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Jacqueline Jones, Chair 128 Inner Campus Dr., Stop B7000, GAR 1.104 Austin, TX 78712-1739 • 512-471-3261

Fall 2008

HIS 350L • Cul History of Late Imperial China - W

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Course Description

This course presents a cultural history of China from the fourteenth to mid-nineteenth centuries. Topics covered include the following: Confucianism and Neo-Confucianism; Buddhism and Daoism; syncretism, heterodoxy, and cults; science, technology, and medicine; education and civil examinations; literature; women's writings; popular culture; China and the West; fall of the Ming dynasty; evidential scholarship; and the Opium Wars with the West. We will focus on primary documents (in translation), including commentaries on the Confucian classics and Neo-Confucian philosophy; novels, drama, and literary criticism; religious scriptures of Buddhists, Daoists, and religious cults; writings by and about women; Christian writings; imperial edicts; memorials to the emperor, policy essays, and civil examination essays; scientific, technological, and medical treatises; village of ordinances, family instructions, and property and marriage contracts; first-hand accounts of the fall of the Ming Dynasty; and proposals to ban opium, suppress rebellions, and defend against the West. These readings will be supplemented with the most recent secondary historical research. We will take an interdisciplinary and critical approach, integrating history with literary studies, philosophy, and anthropology.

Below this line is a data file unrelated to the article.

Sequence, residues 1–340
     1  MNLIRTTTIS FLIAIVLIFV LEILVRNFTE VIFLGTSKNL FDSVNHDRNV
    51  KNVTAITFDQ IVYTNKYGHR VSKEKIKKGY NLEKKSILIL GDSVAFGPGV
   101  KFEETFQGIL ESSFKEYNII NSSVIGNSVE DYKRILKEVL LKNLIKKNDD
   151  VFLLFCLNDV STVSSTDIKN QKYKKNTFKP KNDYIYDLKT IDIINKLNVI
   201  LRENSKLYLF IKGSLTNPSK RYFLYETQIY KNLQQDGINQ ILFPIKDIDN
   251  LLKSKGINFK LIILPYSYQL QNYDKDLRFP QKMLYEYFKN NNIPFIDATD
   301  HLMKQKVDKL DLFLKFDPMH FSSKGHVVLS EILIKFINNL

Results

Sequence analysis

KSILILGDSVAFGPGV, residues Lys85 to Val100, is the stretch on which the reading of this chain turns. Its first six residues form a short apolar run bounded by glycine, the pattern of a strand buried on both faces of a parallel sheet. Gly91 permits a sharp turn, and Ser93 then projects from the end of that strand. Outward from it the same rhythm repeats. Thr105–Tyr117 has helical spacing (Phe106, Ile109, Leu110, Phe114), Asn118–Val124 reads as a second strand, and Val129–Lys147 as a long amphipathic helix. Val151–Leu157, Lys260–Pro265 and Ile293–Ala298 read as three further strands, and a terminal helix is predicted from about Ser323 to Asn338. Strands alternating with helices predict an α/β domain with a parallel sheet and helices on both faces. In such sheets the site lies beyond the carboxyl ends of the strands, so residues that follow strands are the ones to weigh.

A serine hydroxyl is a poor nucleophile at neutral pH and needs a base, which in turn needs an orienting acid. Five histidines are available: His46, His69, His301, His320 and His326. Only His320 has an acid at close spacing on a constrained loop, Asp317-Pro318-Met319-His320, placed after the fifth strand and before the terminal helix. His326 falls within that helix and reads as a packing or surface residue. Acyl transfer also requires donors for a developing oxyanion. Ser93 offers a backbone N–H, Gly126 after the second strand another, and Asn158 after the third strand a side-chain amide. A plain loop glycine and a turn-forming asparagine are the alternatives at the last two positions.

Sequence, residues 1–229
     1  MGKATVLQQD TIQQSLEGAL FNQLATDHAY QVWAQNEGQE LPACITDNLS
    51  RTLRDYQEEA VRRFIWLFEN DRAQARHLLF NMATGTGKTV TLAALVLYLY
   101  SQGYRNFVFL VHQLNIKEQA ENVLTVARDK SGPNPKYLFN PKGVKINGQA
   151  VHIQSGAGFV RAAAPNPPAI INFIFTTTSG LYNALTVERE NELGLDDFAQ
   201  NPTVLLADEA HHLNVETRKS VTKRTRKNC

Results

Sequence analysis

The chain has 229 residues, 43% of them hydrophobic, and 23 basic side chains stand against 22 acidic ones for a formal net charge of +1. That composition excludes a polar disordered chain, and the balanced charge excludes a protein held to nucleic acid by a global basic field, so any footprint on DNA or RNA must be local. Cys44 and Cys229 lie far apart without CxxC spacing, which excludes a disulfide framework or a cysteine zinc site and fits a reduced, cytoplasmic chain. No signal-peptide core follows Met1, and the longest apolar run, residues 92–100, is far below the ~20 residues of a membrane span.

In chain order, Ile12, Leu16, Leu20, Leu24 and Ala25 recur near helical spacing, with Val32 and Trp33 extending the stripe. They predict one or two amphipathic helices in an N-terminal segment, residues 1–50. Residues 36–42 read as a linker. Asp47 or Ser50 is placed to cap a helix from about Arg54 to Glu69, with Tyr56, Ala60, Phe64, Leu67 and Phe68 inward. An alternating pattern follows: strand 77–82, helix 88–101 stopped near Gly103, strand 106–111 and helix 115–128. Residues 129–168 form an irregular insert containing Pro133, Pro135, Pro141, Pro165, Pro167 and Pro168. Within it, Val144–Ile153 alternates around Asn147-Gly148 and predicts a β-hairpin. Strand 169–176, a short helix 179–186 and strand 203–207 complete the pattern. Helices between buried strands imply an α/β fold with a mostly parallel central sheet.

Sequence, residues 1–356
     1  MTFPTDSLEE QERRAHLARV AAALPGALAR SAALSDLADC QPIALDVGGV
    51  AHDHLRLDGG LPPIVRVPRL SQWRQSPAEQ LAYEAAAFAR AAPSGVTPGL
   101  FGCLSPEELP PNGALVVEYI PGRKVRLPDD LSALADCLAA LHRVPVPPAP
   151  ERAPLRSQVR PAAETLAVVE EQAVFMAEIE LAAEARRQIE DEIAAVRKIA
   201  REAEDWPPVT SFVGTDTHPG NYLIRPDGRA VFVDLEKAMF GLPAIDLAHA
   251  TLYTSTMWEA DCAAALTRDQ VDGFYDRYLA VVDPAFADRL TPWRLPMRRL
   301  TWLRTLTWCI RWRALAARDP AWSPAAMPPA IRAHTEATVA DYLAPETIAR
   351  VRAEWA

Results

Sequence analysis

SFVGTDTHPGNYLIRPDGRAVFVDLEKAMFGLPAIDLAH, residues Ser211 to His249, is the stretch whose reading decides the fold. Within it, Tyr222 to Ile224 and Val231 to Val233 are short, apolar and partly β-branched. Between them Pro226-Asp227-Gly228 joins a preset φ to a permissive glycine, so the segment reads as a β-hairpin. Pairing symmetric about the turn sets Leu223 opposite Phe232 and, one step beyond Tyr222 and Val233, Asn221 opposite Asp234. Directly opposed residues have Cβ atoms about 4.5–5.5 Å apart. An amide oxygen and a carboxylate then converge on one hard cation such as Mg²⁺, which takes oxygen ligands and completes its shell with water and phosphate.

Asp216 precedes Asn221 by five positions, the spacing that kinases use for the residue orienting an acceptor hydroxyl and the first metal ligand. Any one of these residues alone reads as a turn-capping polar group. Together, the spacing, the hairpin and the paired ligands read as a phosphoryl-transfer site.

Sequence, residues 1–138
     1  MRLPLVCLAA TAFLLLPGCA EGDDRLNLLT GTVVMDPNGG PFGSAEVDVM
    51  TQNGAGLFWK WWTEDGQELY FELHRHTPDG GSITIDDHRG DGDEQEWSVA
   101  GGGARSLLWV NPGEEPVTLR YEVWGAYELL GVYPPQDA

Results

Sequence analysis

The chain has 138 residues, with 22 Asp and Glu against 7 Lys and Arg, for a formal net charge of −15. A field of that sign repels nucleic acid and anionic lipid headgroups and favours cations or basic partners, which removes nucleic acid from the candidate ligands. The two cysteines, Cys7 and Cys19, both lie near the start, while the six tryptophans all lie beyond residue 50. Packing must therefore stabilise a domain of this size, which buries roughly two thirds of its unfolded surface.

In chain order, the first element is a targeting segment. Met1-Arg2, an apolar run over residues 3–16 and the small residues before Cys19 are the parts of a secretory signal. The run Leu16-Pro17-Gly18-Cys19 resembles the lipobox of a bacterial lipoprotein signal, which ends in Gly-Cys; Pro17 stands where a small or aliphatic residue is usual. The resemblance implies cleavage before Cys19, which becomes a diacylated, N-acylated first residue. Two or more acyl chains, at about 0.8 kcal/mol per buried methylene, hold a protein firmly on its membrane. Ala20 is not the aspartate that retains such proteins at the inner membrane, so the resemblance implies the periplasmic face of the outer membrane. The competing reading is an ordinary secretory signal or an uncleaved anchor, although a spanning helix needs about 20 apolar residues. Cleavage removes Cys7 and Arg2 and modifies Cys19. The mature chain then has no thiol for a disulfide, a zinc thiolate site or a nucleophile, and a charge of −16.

Required Texts: Course reader (readings will also be on electronic reserves, These readings will include selections from the following: Four Books (Analects, Mincius, mean, and Great Learning), ed Zhu Xi (1130-1200) Instructions for the inner Quarters, Empress Xu (fl. 1410). Instructions for Practical Living, Wang Yangming (1472-1528). Precious Volume of the Nine-Petaled Lotus, Anon. (1523). Direct Pointing to the Mind as Sage, Li Zhaoen (1517-1598). Exploiting the Works of Nature, Song Yingxing (1587-1661). The Plum in the Golden Vase, Anon. (16th Century). Grading: (1) Before class write a brief summary of the readings, to be handed in at the beginning of class. Notes on each of the readings should usually be two short paragraphs -- one summarizing the central argument and one offering critical analysis -- for a total of 2 to 3 pages per week. Students should complete notes for two of three readings per week, and for ten of the fifteen weeks. These will be graded and will serve as the basis for class discussions. Grading: reading assignments 80%, class participation 20%. (2) Complete a final paper of 20 pages. Students should consult me as early as possible on possible topics. An outline and bibliography are due by the eighth week; a first draft must be turned in by the twelfth week; and the final draft is due on the final day of class. Grading: final paper 80%, class participation 20%. Crosslisting: ANS 372


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